Moisture is bad for all types of solid and engineered wood floors, as well as bamboo floors. Apart from the damage it can do to the surface -- stains and discoloration -- moisture causes wood to swell, and when that happens the floor can be ruined. Reducing humidity in the room may help, but if the moisture is in the subfloor -- which is usually the case -- the solution may not be straightforward. If you can't dry things out, you may end up having to replace the flooring.
Flooring Defects Caused by Moisture
Wood is hygroscopic, meaning it attracts and holds water, and when it does, it swells to make room for the extra fluid. Common moisture defects in solid hardwood flooring reflect the fact that this absorption usually isn't uniform.
When water soaks in through the bottom of a board, the bottom swells, but the face doesn't. This causes the sides of the board to lift higher than the center, and the warping that results is called cupping.
One of the remedies for cupping is to sand the floor flat, but if the wood is finished before it has a chance to dry out, the face might swell and lift higher than the edges -- a condition called crowning.
Severe crowning, cupping or warping that results in part of a board lifting off the subfloor is called buckling. Buckling is caused by excessive moisture and usually requires replacement of part of the floor.
If your hardwood floor starts cupping, it's a sign that moisture has migrated into the subfloor. It may have gotten there because moisture in the air condensed on the floor and seeped between the boards, or it may come from another source, such as a plumbing leak. It's essential to address the cause of the moisture, either by lowering room humidity, fixing a leak or adding moisture protection underneath the subfloor. You should then use fans or dehumidifiers to ventilate the subfloor and dry it out. When you do this, the boards may shrink back to their normal shape. It's also possible that they won't.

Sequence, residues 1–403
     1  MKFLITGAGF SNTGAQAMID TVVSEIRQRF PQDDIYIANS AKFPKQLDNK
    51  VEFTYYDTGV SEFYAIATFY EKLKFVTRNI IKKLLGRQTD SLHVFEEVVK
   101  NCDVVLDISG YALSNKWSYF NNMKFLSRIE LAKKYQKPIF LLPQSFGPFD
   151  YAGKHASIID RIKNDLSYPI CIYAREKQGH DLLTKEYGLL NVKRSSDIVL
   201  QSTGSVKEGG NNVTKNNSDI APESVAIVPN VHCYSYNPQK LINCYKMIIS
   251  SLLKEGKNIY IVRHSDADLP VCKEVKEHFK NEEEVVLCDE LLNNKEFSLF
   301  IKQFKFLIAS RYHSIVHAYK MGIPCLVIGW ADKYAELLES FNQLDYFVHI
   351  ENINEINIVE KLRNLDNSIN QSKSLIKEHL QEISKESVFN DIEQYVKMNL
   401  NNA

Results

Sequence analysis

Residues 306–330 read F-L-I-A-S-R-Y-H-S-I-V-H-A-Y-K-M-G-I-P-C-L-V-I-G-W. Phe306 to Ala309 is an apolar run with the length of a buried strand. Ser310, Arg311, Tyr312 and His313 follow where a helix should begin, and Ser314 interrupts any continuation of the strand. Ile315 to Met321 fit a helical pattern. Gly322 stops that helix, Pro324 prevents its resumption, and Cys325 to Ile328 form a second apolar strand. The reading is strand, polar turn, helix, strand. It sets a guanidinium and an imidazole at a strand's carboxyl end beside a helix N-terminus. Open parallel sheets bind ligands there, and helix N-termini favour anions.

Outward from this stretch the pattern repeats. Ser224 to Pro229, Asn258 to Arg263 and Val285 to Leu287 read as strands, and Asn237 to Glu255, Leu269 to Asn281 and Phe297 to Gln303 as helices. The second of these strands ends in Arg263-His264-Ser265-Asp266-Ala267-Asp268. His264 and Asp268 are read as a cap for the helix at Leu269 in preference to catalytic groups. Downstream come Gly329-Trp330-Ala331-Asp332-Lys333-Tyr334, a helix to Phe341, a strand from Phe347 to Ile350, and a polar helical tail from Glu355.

Sanding a Cupped Floor
The failure of the floor to flatten leaves you with two options. If only a few boards are affected, you can . On the other hand, a large section of the floor may be damaged, in which case, sanding and refinishing the floor is the alternative.
During the first pass with the floor sander, a refinishing professional will run the machine in a diagonal direction to flatten the edges more quickly, then do repeated passes parallel to the boards with progressively finer sandpaper to smooth the wood.
Some instances of swelling may be due to poor installation practices. To prevent cupping and buckling, the installer should:
- Acclimate the flooring by laying it loose around the installation space and leaving it for three to five days before nailing it down.
- Cover the subfloor with a moisture barrier -- usually resin paper, tar paper or plastic sheeting stapled to the plywood.
- Provide an extra moisture barrier between the ground and the subfloor on ground-floor installations. In some case, extra ventilation may be required in the crawl space.
- Use the recommended number of fasteners. Wider planks need more fasteners than narrower ones, and the fasteners should be more closely spaced.